Monday, March 30, 2015

North Sea paddle: "Connections"...inside the kayak and out.

Joan and Douglas...the absolute joy of sea kayaking is evident in the smiles.
When my late dad retired, he built the most beautiful wooden kayak. He had first gone to sea when he was 17, and his love of the water seemed to culminate in the design and construction of this narrow boat. After many months of careful and loving attention to every detail, the long-anticipated "launch day" arrived. Joan and I (just recently married at the time), my mum, and several friends who had neighbouring cottages, gathered together on the beach for this momentous event.

Some forty years ago now, I don't remember a champagne bottle against the gleaming, white hull, but there would certainly have been some "frothy" drinks available for the celebration that followed. The launch went very well, and my dad did a long ceremonial circuit out in the lake, much to the delight of the small but enthusiastic crowd on the shore. After this first "test cruise", I was offered the old-fashioned, orange "life preserver", and the paddle. My Dad's only advice was, "Remember now son, you don't get into a kayak, you put it a sock."

Ian, Joan, and Douglas.
I've never forgotten those words and ever since that first paddle, I think of wearing my sea kayak, rather than being in it. It may not have been the most exact analogy, but my Dad was stressing the importance of "connection" in these sleek, narrow boats.

The paddler connects to the craft at many points. The feet are on the foot braces, heels below the braces, the knees or thighs are up against the underside of the deck, the back "touches" the back-band, and the hips are snug against the inside of the cockpit. It's all these points of connection that give us control of our craft.

Ian, pulling against determined waters.
"Connection" is a lovely word. We human beings need and yearn for connection, with one another, and to the world outside. Connections with others offer relationships, where we gain a sense of both belonging and identity. These are, of course, of infinite value and give our lives meaning, depth, and texture.

Mike, fully connected to boat, sea and doesn't get much better.
It is in such engaging connections with one another, that we find a conduit for kindness, compassion, and understanding in this world.

Returning from a "recce", under the sandstone arch.
We human beings have also had an intimate connection with nature, for our entire and evolving history. We must never lose it. At a time when the environment and the biosphere are threatened by our human activity, environmental activist, George Monbiot reminds us that "if children lose contact with nature they won't fight for it".

Our children are being increasingly drawn away from connection with the natural world, unduly distracted by the siren call of technology, social media, and all the associated and glittering "bells and whistles". When that happens, their sense of wonder and awe of this fragile, island planet is diminished. We must, therefore, do all that we can to ensure that a connection with nature is nurtured and cultivated in those young lives who will follow our foot steps and paddle strokes.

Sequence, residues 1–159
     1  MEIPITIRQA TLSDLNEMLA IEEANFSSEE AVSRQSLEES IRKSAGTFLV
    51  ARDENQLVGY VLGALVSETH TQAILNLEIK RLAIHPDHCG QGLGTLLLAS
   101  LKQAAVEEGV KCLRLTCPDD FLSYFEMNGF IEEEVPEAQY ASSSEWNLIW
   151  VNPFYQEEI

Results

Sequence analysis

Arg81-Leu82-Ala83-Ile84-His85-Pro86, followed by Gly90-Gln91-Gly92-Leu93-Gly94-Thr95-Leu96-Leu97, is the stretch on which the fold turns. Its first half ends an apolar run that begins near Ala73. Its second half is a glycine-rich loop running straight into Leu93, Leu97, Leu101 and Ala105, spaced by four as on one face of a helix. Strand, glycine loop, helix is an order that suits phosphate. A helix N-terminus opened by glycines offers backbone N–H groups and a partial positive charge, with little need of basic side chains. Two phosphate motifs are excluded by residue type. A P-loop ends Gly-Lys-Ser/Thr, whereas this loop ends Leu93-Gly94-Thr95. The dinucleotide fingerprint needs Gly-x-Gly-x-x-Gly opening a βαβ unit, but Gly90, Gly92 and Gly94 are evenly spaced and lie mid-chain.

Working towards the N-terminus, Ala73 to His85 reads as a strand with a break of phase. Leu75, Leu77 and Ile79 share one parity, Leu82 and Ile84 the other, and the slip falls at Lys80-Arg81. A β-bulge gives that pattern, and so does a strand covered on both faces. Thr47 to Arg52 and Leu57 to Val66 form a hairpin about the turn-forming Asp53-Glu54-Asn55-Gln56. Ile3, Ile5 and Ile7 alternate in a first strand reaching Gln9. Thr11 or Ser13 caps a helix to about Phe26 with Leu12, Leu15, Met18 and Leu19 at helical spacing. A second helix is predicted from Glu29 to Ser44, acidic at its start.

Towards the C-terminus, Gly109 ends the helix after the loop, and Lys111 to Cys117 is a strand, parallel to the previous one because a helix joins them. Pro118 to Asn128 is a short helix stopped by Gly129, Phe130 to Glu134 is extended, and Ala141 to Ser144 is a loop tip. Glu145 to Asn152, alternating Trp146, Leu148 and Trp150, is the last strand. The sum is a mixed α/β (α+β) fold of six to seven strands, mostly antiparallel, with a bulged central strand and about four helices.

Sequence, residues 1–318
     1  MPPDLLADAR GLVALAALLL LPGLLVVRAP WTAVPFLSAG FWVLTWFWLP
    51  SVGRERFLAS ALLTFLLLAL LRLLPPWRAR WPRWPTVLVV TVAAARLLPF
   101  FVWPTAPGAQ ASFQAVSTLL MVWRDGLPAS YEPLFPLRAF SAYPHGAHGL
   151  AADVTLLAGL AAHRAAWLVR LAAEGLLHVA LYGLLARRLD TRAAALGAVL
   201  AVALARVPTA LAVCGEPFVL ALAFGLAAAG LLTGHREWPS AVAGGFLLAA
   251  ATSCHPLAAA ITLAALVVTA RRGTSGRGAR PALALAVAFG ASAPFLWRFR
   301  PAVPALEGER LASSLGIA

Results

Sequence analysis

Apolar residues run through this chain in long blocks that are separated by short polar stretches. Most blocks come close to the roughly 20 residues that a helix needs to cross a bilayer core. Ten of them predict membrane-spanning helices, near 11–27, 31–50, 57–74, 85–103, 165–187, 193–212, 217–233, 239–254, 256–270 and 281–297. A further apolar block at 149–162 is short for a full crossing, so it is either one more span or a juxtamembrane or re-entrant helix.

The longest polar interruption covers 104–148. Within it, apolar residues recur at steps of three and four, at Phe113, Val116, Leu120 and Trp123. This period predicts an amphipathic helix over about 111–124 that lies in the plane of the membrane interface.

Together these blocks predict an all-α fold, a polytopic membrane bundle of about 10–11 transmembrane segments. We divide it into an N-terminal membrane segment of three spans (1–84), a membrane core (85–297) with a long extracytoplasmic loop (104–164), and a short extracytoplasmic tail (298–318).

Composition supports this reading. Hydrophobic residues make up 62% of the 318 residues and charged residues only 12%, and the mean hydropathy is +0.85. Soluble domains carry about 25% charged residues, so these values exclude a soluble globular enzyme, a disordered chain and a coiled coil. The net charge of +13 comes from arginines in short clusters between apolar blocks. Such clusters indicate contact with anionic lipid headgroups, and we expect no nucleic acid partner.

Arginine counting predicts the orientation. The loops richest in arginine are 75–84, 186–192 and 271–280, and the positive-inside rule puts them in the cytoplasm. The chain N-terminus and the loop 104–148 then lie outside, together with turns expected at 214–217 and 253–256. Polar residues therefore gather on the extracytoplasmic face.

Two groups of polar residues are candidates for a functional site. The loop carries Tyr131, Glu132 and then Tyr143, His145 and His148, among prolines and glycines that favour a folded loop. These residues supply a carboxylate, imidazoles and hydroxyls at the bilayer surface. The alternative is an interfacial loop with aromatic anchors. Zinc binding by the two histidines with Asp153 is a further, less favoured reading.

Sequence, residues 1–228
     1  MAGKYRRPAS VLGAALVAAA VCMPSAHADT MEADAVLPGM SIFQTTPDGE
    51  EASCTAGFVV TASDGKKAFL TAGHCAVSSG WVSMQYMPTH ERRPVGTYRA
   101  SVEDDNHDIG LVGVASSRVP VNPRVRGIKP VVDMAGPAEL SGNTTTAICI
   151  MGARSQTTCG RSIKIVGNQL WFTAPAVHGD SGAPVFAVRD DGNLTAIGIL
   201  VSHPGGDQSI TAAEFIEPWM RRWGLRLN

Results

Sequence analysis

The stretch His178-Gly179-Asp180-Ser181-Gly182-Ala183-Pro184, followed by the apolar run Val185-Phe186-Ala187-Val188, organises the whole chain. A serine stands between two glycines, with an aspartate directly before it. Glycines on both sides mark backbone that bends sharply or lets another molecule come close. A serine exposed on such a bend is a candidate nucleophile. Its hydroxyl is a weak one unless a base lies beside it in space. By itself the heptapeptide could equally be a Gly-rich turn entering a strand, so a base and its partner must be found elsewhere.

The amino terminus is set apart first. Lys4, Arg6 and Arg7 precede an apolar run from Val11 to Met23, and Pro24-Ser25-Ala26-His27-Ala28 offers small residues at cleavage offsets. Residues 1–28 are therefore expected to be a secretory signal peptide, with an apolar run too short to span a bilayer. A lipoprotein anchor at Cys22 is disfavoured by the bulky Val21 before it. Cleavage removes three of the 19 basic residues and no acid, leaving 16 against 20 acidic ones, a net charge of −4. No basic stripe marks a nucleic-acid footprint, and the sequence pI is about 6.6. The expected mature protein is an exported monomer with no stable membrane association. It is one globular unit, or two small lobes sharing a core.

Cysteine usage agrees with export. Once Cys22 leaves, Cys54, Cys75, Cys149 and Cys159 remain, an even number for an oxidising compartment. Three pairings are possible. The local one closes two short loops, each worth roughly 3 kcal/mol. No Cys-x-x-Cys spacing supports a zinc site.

First lunch.
Sea kayaking offers a unique and dramatic connection to the natural's possible to explore and make discoveries - both sublime and delightful - where few other ocean-going "vessels" can ever follow.

Remote shingle beaches become venues for fine reservations necessary and never any lineups, ocean view guaranteed!

Your reporter, looking rather serious...
but as Mike would agree, Ian's homemade soup was "seriously" good! :)
Perhaps, the very best thing about "blogging" these past few years has been the growing connection with others who share a passion for sea kayaking and other outdoor pursuits, here in Scotland, back home in Canada, and all around the world.

We passed through both "portals" on the return trip, with the higher water.
We've enjoyed, for a long time now, following Ian and Douglas and Mike, and others, on many amazing paddles in this beautiful part of the world.

Transforming these "virtual" connections into reality, on the water, continues to be the icing on the cake. :)

Turning the corner to the increased swell of Lunan Bay.
We continued our North Sea paddle, along the dramatic coast, enjoying the gentle movement of both tide and swell. The broad sands of Lunan Bay, just around the next corner, invited a stop for a second lunch...and an "interesting", albeit mild, surf landing. :)


  1. A great post Duncan. It is funny how our generation seems to have a foot in each of the real and the virtual worlds. It was so good to cement a virtual relationship by meeting in the real world. :o)

  2. Thank you for that, Douglas. I think, in our parent's time, it would be akin to meeting their pen pals after much meaningful correspondence. The "cement" Is a very good quality. :) Warm wishes. Duncan.

  3. Connections with others and with nature is to me the greatest gift.
    From your "email pen pal" L

  4. And I cherish my email pen pal, L. It won't be long before "virtual" becomes "reality" for a little while. Always glad when you come by. HYS :). D.